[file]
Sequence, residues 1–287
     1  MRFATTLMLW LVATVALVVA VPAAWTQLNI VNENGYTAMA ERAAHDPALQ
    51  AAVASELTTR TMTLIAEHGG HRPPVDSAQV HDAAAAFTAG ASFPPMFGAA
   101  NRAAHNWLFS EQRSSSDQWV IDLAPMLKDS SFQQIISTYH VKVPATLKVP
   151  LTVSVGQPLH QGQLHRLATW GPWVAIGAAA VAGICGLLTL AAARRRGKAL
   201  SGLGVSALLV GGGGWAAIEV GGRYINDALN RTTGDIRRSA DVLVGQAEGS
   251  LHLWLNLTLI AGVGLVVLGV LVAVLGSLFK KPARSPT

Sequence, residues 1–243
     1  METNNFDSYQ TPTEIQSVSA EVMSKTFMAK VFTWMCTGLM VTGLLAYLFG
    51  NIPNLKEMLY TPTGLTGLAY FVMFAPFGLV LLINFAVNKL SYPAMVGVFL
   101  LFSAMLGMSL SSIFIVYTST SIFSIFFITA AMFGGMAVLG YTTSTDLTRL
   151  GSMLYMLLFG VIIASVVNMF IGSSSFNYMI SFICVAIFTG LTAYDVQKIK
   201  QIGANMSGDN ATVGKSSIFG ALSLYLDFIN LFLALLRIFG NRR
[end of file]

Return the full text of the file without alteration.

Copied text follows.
Sequence, residues 1–287
     1  MRFATTLMLW LVATVALVVA VPAAWTQLNI VNENGYTAMA ERAAHDPALQ
    51  AAVASELTTR TMTLIAEHGG HRPPVDSAQV HDAAAAFTAG ASFPPMFGAA
   101  NRAAHNWLFS EQRSSSDQWV IDLAPMLKDS SFQQIISTYH VKVPATLKVP
   151  LTVSVGQPLH QGQLHRLATW GPWVAIGAAA VAGICGLLTL AAARRRGKAL
   201  SGLGVSALLV GGGGWAAIEV GGRYINDALN RTTGDIRRSA DVLVGQAEGS
   251  LHLWLNLTLI AGVGLVVLGV LVAVLGSLFK KPARSPT

Sequence, residues 1–243
     1  METNNFDSYQ TPTEIQSVSA EVMSKTFMAK VFTWMCTGLM VTGLLAYLFG
    51  NIPNLKEMLY TPTGLTGLAY FVMFAPFGLV LLINFAVNKL SYPAMVGVFL
   101  LFSAMLGMSL SSIFIVYTST SIFSIFFITA AMFGGMAVLG YTTSTDLTRL
   151  GSMLYMLLFG VIIASVVNMF IGSSSFNYMI SFICVAIFTG LTAYDVQKIK
   201  QIGANMSGDN ATVGKSSIFG ALSLYLDFIN LFLALLRIFG NRR